Copyright © 1995, 1996, 1998, 2014 by Biblica, Inc.®. Used by permission. All rights reserved worldwide.

1 Kings 7 New International Version (NIV)

Solomon Builds His Palace

It took Solomon thirteen years, however, to complete the construction of his palace. He built the Palace of the Forest of Lebanon a hundred cubits long, fifty wide and thirty high,[a] with four rows of cedar columns supporting trimmed cedar beams. It was roofed with cedar above the beams that rested on the columns—forty-five beams, fifteen to a row. Its windows were placed high in sets of three, facing each other. All the doorways had rectangular frames; they were in the front part in sets of three, facing each other.[b]

He made a colonnade fifty cubits long and thirty wide.[c] In front of it was a portico, and in front of that were pillars and an overhanging roof.

He built the throne hall, the Hall of Justice, where he was to judge, and he covered it with cedar from floor to ceiling.[d] And the palace in which he was to live, set farther back, was similar in design. Solomon also made a palace like this hall for Pharaoh’s daughter, whom he had married.

All these structures, from the outside to the great courtyard and from foundation to eaves, were made of blocks of high-grade stone cut to size and smoothed on their inner and outer faces. 10 The foundations were laid with large stones of good quality, some measuring ten cubits[e] and some eight.[f] 11 Above were high-grade stones, cut to size, and cedar beams. 12 The great courtyard was surrounded by a wall of three courses of dressed stone and one course of trimmed cedar beams, as was the inner courtyard of the temple of the Lord with its portico.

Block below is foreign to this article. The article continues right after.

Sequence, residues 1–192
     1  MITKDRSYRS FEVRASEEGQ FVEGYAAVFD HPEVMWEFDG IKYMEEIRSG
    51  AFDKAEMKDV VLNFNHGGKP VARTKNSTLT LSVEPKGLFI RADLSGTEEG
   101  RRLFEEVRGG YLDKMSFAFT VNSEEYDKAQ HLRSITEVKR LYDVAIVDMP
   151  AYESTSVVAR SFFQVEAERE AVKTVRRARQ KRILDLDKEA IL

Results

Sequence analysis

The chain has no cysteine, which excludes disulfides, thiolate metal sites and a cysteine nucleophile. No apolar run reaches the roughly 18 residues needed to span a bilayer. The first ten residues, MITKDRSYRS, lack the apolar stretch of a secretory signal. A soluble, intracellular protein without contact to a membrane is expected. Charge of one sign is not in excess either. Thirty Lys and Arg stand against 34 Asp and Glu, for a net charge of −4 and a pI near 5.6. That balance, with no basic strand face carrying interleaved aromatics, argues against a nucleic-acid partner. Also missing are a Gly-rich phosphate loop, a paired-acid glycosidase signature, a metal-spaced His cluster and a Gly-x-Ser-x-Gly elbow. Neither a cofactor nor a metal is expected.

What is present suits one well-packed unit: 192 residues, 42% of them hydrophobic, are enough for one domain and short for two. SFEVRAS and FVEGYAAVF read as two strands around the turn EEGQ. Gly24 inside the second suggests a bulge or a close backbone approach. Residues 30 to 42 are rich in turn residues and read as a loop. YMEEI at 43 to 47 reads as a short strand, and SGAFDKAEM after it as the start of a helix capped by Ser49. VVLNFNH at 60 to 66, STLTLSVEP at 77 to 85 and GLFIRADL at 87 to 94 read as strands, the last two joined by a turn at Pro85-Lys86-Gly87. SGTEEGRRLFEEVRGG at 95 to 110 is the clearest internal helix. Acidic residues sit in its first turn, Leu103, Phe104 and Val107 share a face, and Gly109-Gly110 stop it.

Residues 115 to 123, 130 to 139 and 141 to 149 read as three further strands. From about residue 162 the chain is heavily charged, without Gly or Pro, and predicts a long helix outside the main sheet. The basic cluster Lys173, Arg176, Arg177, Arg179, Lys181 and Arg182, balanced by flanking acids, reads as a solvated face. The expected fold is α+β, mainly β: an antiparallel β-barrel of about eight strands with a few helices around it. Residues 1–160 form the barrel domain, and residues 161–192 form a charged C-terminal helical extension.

The Temple’s Furnishings

13 King Solomon sent to Tyre and brought Huram,[g] 14 whose mother was a widow from the tribe of Naphtali and whose father was from Tyre and a skilled craftsman in bronze. Huram was filled with wisdom, with understanding and with knowledge to do all kinds of bronze work. He came to King Solomon and did all the work assigned to him.

15 He cast two bronze pillars, each eighteen cubits high and twelve cubits in circumference.[h] 16 He also made two capitals of cast bronze to set on the tops of the pillars; each capital was five cubits[i] high. 17 A network of interwoven chains adorned the capitals on top of the pillars, seven for each capital. 18 He made pomegranates in two rows[j] encircling each network to decorate the capitals on top of the pillars.[k] He did the same for each capital. 19 The capitals on top of the pillars in the portico were in the shape of lilies, four cubits[l] high. 20 On the capitals of both pillars, above the bowl-shaped part next to the network, were the two hundred pomegranates in rows all around. 21 He erected the pillars at the portico of the temple. The pillar to the south he named Jakin[m] and the one to the north Boaz.[n] 22 The capitals on top were in the shape of lilies. And so the work on the pillars was completed.